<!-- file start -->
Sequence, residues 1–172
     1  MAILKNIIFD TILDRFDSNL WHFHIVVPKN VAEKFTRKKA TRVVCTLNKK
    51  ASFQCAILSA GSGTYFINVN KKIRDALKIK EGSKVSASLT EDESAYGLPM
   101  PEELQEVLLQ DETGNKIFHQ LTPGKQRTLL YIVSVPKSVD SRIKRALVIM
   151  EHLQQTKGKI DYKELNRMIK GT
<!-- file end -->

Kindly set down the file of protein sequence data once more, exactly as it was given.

Sequence, residues 1–172
     1  MAILKNIIFD TILDRFDSNL WHFHIVVPKN VAEKFTRKKA TRVVCTLNKK
    51  ASFQCAILSA GSGTYFINVN KKIRDALKIK EGSKVSASLT EDESAYGLPM
   101  PEELQEVLLQ DETGNKIFHQ LTPGKQRTLL YIVSVPKSVD SRIKRALVIM
   151  EHLQQTKGKI DYKELNRMIK GT